It has been a while since Motorola launched the first Moto G back in 2013, and the budget smartphone market has come a long way since then. What made the Moto G special back then was the fact that it offered ‘premium’ features in a more affordable package. That formula has since been adopted by so many other Chinese companies, especially Xiaomi, that it’s no longer unique. What is Motorola offering now that sets it apart from anyone else?
Lenovo-owned Motorola launched the Moto G6 series back in April at an event in Brazil. The company, surprisingly, decided to keep the more powerful G6 Plus off bounds in India, but having spent a while with the Moto G6, that may not be as bad a decision as you might think, and the G6 packs enough of a punch on paper to be called an upgrade over last year’s G5S series.
At a price of Rs 13,999 for the base model, the Moto G6 is poised to take on budget powerhouses like the Xiaomi Redmi Note 5 Pro and the Asus ZenFone Max Pro M1. The unit we received came with 4 GB of RAM and 64 GB of storage, but it’s Snapdragon 450 SoC puts it at a performance disadvantage when compared to the Note 5 Pro and the Max Pro M1. Does that matter, though? Let’s find out!
Build and Design: 8.5/10
The Moto G6 looks stunning with its shiny glass design. The G6 comes wrapped in Corning Gorilla Glass, which does catch its fair share of fingerprints, but that’s a small price to pay for that appealing design. The design is somewhat similar to that of the more expensive Moto X4. The glass does make the G6 slippery, however, so that’s something you have to bear in mind.
In comparison to last year’s G5S Plus, the design is perhaps the most striking difference between the two. Gone is the aluminium unibody design, which did not look bad, but the glass looks and feels far more refined and premium. Motorola’s also done away with the microUSB port this time and opted for a more universal Type-C port.
Given the glass back, the antenna bands are fully covered and don’t hamper the look of the phone.
The power button is a bit too recessed to my liking, making it very difficult to press the button, and even when you do press it, it feels like the button is soon going to be unusable. The large camera bump means that the phone sits a bit awkwardly on flat surfaces.
I also didn’t like the placement “Motorola” branding on the front of the device, below the display area. It just looks tacky.
The Moto G6 is powered by a Qualcomm Snapdragon 450 SoC, which features an octa-core CPU clocked at 1.8 GHz and an Adreno 506 GPU. It comes with 4 GB RAM and 64 GB internal storage, and an option to expand the storage using an external microSD card up to 128 GB in size.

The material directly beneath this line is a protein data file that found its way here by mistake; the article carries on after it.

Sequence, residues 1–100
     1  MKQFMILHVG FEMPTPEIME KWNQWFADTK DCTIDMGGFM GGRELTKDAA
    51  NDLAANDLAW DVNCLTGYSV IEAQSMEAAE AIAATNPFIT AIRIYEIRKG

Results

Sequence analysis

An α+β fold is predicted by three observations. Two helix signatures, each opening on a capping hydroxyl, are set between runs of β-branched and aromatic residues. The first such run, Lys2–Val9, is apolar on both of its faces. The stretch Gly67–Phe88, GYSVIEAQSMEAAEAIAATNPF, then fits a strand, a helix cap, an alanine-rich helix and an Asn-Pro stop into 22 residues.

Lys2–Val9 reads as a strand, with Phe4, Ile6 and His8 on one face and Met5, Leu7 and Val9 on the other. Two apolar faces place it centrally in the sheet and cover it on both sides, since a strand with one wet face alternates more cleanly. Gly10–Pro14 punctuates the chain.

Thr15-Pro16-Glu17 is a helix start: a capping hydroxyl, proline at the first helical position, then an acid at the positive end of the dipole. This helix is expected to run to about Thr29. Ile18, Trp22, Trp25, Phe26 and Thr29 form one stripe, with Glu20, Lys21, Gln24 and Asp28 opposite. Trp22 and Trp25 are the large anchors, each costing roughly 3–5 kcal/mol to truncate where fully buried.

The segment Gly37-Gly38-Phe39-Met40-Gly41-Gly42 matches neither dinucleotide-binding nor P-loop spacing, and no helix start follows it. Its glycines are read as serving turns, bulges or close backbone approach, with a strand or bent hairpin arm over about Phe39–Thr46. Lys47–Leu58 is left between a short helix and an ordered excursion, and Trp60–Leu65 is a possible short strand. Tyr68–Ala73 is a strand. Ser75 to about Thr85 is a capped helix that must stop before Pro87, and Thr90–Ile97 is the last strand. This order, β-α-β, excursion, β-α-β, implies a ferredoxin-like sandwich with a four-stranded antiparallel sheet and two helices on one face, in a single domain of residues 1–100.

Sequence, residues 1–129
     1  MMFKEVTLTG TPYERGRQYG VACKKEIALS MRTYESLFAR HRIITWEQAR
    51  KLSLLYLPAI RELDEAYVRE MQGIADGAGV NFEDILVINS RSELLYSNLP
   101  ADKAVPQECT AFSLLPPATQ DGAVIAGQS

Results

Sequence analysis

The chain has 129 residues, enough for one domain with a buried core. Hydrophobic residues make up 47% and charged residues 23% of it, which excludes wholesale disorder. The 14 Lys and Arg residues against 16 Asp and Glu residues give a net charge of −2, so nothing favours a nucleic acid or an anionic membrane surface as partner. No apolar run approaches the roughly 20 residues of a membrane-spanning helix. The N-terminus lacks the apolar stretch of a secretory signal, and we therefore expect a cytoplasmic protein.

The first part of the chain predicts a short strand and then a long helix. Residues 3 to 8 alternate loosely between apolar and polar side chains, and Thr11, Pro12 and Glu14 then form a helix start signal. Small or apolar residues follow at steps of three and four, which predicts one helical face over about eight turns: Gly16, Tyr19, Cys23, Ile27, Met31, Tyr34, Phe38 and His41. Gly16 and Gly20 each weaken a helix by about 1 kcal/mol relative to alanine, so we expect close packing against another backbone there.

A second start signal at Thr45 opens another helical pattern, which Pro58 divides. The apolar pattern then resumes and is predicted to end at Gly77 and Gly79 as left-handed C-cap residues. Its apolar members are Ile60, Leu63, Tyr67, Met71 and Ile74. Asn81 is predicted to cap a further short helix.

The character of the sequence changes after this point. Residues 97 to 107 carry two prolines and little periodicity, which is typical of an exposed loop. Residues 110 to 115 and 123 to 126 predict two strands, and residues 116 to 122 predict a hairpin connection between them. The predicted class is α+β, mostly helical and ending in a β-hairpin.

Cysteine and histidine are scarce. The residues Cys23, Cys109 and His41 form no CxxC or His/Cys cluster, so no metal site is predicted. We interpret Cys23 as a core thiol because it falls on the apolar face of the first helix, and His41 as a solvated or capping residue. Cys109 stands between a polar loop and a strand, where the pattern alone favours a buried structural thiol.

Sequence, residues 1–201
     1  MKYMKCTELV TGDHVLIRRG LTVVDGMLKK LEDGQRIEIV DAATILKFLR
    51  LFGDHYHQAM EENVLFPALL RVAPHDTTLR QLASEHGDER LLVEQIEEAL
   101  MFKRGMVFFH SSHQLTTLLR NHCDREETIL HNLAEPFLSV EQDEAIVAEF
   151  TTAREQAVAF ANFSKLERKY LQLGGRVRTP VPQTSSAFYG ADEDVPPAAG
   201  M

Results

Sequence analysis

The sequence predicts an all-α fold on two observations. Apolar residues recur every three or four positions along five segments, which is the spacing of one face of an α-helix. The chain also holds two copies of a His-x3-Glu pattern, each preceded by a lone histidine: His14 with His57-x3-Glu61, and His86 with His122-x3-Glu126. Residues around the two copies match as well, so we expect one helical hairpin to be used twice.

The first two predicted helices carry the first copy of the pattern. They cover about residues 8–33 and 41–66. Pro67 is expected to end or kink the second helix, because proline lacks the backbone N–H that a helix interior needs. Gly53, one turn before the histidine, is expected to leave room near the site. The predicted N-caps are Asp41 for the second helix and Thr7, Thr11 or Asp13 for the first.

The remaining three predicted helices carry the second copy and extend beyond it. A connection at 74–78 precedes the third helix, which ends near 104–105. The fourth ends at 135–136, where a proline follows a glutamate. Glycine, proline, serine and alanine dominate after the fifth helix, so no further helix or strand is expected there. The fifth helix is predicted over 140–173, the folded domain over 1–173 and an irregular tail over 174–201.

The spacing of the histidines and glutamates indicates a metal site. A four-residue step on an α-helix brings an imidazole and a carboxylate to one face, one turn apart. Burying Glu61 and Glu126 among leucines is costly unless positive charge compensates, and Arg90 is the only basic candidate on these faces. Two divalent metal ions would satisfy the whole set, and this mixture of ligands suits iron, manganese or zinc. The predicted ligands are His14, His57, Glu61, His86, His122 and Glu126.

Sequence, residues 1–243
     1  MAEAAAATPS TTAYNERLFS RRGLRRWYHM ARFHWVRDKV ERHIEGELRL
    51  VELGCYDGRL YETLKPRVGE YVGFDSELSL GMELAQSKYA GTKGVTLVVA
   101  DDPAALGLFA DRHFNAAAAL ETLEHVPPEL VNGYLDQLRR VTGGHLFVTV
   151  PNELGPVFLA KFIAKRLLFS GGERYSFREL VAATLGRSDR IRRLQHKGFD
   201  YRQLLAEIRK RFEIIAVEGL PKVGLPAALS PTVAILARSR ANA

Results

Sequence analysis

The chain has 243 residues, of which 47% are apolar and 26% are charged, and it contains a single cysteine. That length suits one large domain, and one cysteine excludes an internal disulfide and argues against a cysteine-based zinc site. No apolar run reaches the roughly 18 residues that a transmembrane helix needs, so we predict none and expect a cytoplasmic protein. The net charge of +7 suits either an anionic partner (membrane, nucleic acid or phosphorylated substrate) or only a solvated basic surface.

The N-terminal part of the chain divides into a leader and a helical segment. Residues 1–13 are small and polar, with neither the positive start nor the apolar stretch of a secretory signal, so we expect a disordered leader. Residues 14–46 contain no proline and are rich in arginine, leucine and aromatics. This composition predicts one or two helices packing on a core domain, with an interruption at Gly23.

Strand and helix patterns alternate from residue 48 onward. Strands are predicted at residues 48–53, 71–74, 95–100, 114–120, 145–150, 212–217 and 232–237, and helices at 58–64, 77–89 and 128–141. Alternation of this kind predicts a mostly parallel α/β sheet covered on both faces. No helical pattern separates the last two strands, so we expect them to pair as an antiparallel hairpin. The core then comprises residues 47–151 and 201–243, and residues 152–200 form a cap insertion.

The phone packs a 5.7-inch full HD Plus IPS LCD display with a 2160×1080 resolution. The G6 gets a dual camera setup like its predecessor which comprises a 12 MP primary sensor with an f/1.8 aperture and a secondary 5 MP f/2.2 sensor. On the front, you get an 8 MP camera module with a wide angle lens, f/2.2 aperture and a dual-tone LED flash. Users will be able to shoot 1080p video at 60 fps. The device runs Android Oreo 8.0 out of the box and comes with a 3,000 mAh battery with “TurboPower” support.
Also included is USB type-C, GPS, WiFi 802.11 a/b/q/n, Bluetooth 4.2, 3.5 mm headphone jack and Dual nano-SIM slots in terms of connectivity options.
The Moto G6 sports a taller 5.7-inch full HD+ (2160×1080) IPS LCD display panel with Corning Gorilla Glass protection. The display here is plenty sharp and gave me very little to complain about.
Colours are bright and vibrant with good viewing angles and the colour tone tilts ever so slightly towards the bluish side, but you will get used to it very quickly. If you are used to more saturated colours of an AMOLED display, then you might not find the display very appealing. But don’t worry, at this price range, there’s barely anything to find fault with.
Motorola does throw in the ability to change the white balance to warm or cool, but this is not really a slider so it is better left untouched. You also get the ability to change your colour saturation by a little bit under the display settings, if you feel like playing around with that. Throughout my time with the phone, I prefered to leave it in the standard setting.
Viewing the display under the bright summer sun will be an issue though as the display does not get too bright. This is an issue we had with the Moto G5S Plus as well, so Motorola does need to put in more effort there.
I was expecting the Moto G6 to come with the latest version of Android Oreo, 8.1, but to my surprise, we are still stuck with 8.0. That said, the software is still good and the UI was buttery smooth throughout.
Motorola is known for leaving the launcher as close to stock as possible, and we get exactly that on the G6. Animations are smooth and you will notice just a minor hiccup here and there when swiping fast through the UI. Stutters are more noticeable if you look for them, so it shouldn’t be a problem for most people.
There is not a lot of bloatware to complain about either. Lenovo does include the Microsoft Outlook app, LinkedIn, PhonePe and the Facebook Lite app, but all these can be uninstalled if you want to get rid of them. You do get the Device Help, File Manager, Motorola Notifications app and the Moto app by default.
The Moto app comes with four sub-actions enlisted under it. These are — Moto Actions, Moto Display, Moto Voice and the Moto Key features, which add extra functionality to the device. Moto Voice, which essentially lets you talk to your phone to get things done (like playing a track on Apple Music, etc.), is still marked as a Beta feature so it is not fully ready yet. Apart from that, there aren’t any new features that have been introduced with the new G6 that we have not seen earlier on the Moto X4 or the G5S Plus.